Students often assume that everything written in a textbook is a fact, sacred lines of text that cannot be contradicted. After all, that is why we lug around those 30-pound volumes every day. We've used textbooks since elementary school, and we have been led to believe that all textbooks can be trusted.
Yet textbooks are human creations, and humans inevitably bring their own experiences and biases into their work. Opinions often creep into the "facts" we are supposed to learn, and omissions and distortions are surprisingly commonplace.
Take Chapter 34 of the history textbook entitled Civilization: Past and Present (10th ed.), used in Sage Hill's freshman classrooms. Less than fifteen pages of this chapter are devoted to the complex story of the modern Middle East. The entire section is plagued by myths, distortions and omissions that all serve to paint Israel in a negative light.
For example, right at the beginning of the discussion concerning Israel's creation in 1948, we are told that "In 1947, plagued by Zionist terror tactics (author's emphasis), Britain transferred the question of the mandate for Palestine to the United Nations." This leads the reader to conclude that Britain abandoned Palestine to the U.N. solely because of Zionist terror tactics, and fails to mention the many horrible atrocities, riots, and massacres committed by the local Arabs in the preceding years under the influence of Haj Amin el-Husseini and others.
The book goes on to say that "[the] resulting partition plan, which gave most of the territory of Palestine to the Jews (author's emphasis), was rejected by the Arab League." This is false and feeds into the myth that Israel is and was a colonial land-grabber. In fact, nearly 80% of the historic Land of Palestine, as defined by the League of Nations, was severed by Britain in 1922 and allocated to what became Transjordan; the remaining 20% was partitioned into Jewish and Arab states. Of that 20%, land was divided between the Palestinian State and the Jewish State according to population; areas with more Arabs were given to the Palestinian State, and areas with a larger Jewish population were given to the Jewish State. Under Section B, Part II of the U.N. Partition Plan, over 60% of the proposed Jewish State was to be comprised of the Negev, an uninhabitable desert in southern Israel.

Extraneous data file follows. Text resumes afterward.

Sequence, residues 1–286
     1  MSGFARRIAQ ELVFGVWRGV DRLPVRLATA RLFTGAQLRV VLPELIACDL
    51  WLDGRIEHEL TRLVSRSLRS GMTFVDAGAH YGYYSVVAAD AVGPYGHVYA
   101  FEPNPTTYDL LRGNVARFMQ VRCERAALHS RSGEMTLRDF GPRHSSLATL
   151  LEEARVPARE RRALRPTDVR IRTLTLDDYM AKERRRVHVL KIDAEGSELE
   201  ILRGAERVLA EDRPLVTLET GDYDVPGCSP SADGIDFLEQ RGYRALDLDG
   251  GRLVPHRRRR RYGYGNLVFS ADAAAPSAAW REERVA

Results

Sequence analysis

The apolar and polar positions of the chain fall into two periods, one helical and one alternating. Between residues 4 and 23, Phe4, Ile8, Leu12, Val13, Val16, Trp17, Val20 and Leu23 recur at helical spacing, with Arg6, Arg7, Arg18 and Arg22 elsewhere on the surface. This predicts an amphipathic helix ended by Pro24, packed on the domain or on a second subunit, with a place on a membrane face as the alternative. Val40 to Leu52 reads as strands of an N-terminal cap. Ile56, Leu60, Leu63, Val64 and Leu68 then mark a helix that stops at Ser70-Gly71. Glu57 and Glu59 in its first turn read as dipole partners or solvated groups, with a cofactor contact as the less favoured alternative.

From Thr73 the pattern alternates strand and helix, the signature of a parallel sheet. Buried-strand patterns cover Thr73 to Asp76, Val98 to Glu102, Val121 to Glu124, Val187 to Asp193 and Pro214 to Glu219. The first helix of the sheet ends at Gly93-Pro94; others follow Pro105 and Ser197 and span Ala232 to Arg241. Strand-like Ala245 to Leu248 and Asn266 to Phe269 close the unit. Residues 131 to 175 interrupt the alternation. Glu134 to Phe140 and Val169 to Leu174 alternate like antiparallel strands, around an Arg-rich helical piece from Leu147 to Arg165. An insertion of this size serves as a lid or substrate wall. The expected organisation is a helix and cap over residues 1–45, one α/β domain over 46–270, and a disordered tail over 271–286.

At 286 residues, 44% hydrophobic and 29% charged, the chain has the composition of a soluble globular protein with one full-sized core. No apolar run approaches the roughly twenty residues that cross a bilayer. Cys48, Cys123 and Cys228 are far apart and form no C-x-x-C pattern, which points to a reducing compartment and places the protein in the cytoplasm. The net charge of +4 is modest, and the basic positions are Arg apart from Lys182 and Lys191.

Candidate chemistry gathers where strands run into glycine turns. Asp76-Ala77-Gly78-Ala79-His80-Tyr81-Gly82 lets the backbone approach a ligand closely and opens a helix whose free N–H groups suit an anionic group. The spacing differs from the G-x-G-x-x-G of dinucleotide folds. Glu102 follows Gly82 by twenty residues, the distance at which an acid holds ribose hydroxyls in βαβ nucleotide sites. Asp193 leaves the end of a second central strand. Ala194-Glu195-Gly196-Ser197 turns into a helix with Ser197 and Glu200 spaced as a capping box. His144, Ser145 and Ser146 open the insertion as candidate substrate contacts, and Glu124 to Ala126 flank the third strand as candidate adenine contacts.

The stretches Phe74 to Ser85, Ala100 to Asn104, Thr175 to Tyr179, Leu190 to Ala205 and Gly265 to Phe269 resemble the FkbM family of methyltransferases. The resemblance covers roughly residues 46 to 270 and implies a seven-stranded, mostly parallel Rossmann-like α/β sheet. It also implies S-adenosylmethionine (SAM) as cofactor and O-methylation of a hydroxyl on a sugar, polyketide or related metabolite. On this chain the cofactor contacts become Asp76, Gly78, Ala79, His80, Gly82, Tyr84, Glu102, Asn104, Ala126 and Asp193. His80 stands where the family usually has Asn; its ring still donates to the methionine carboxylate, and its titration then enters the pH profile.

After inaccurately reporting the events of the Six Day War, the book continues, "Now Israel had three types of residents: Jewish citizens, Palestinian citizens (Muslim and Christian) with second-class citizenship status, and individuals under military occupation who had no citizen's rights." The characterization of second-class citizenship (author's emphasis) status is factually incorrect. Israeli Arabs and Christians have the right to vote, to own property, to engage in any profession, and to serve as representatives in the Knesset. In 2003, three Arab political parties, out of a total of thirteen parties, participated in the Knesset. While Jews are the majority, minority rights are protected by the Declaration of the Establishment of the State of Israel, which states "it [Israel] will ensure complete equality of social and political rights to all its inhabitants irrespective of religion, race or sex; it will guarantee freedom of religion, conscience, language, education and culture."